Passing through the murky lanes of the slum situated near railway tracks of Teliyarganj, one is greeted with an unusual sight every evening. Rows of neatly dressed children, with oiled hair and trimmed nails, marching towards their destination stand a stark contrast to the filth and squalor all around.
Their destination too is no ordinary place but the prestigious Motilal Nehru National Institute of Technology (MNNIT) of the city. In two classrooms on the campus, these slum kids, mostly wards of scavengers, rag-pickers and rickshaw-pullers, sit together for two hours everyday to learn their daily lessons on different subjects: English, mathematics, science and general knowledge.
Weekends are the most awaited days as it gives these kids a chance to engage in co-curricular activities like drawing, painting, dancing and even playing guitar. This transformation in the lives of these slum kids, who not very long ago were seen loitering aimlessly or begging on the streets, has been brought about by 50-odd MNNIT students. Led by a colleague pursuing social work, this group of budding engineers, computer experts and managers have formed a registered NGO -- Arohan.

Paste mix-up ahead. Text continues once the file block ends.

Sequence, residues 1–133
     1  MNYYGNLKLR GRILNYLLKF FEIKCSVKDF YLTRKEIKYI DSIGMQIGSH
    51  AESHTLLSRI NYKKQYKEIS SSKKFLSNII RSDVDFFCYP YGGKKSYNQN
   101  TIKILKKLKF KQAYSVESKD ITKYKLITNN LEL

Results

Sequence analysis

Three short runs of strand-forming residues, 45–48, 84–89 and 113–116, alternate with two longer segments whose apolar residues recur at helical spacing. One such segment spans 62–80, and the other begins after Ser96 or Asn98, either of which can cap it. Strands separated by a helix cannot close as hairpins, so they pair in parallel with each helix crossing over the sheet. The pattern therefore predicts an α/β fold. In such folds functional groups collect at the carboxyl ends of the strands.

“We started by teaching just seven children a year ago but today the number has risen to 100. For this, we used to repeatedly visit slums in Phaphamau and Naraini Ashram and convince reluctant parents to send their children to our campus,” shares Manisha Chaudhary, the social work student who kickstarted this movement.
To this day, we escort these children from their respective slums to the MNNIT campus and drop them back, she adds.
“For a good place to teach them in, we talked to the officials of the Bal Bharti School located on MNNIT campus and took two classrooms on rent,” says Manisha, a Darbhanga, Bihar resident and daughter of a Central Industrial Security Force (CISF) personnel posted in Aligarh.
The MNNITians also pool in their resources and talents to make the initiative a success. “The books and stationery of kids are sponsored through core group members of Arohan while members of our marketing team shoulder the responsibility of raising funds. Some, under the arts committee, make posters and banners to raise awareness,” says Alankrita of Kanpur, a B Tech (computer science) student.
Courtesy Arohan, some of these slum children are even able to pursue formal studies in a regular school like Bal Bharti, MNNIT and do well.